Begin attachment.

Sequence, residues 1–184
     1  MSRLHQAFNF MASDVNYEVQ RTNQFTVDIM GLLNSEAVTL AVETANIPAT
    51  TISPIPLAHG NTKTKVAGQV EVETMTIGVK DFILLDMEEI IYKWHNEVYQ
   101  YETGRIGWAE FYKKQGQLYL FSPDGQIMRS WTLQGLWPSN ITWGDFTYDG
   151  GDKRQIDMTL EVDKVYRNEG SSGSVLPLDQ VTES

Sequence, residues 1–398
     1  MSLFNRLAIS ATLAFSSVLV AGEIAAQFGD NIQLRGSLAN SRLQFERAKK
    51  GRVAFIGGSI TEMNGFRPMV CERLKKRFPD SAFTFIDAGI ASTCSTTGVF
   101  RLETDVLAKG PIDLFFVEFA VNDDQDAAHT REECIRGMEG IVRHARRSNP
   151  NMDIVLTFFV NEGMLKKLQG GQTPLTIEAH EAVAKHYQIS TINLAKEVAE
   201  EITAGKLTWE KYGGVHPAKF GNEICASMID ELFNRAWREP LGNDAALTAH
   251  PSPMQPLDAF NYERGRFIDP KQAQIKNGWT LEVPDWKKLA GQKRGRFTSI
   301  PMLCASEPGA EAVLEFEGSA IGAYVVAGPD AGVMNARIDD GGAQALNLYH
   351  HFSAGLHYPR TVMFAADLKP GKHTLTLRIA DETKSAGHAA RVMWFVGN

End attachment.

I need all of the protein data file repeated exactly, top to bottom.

Sequence, residues 1–184
     1  MSRLHQAFNF MASDVNYEVQ RTNQFTVDIM GLLNSEAVTL AVETANIPAT
    51  TISPIPLAHG NTKTKVAGQV EVETMTIGVK DFILLDMEEI IYKWHNEVYQ
   101  YETGRIGWAE FYKKQGQLYL FSPDGQIMRS WTLQGLWPSN ITWGDFTYDG
   151  GDKRQIDMTL EVDKVYRNEG SSGSVLPLDQ VTES

Sequence, residues 1–398
     1  MSLFNRLAIS ATLAFSSVLV AGEIAAQFGD NIQLRGSLAN SRLQFERAKK
    51  GRVAFIGGSI TEMNGFRPMV CERLKKRFPD SAFTFIDAGI ASTCSTTGVF
   101  RLETDVLAKG PIDLFFVEFA VNDDQDAAHT REECIRGMEG IVRHARRSNP
   151  NMDIVLTFFV NEGMLKKLQG GQTPLTIEAH EAVAKHYQIS TINLAKEVAE
   201  EITAGKLTWE KYGGVHPAKF GNEICASMID ELFNRAWREP LGNDAALTAH
   251  PSPMQPLDAF NYERGRFIDP KQAQIKNGWT LEVPDWKKLA GQKRGRFTSI
   301  PMLCASEPGA EAVLEFEGSA IGAYVVAGPD AGVMNARIDD GGAQALNLYH
   351  HFSAGLHYPR TVMFAADLKP GKHTLTLRIA DETKSAGHAA RVMWFVGN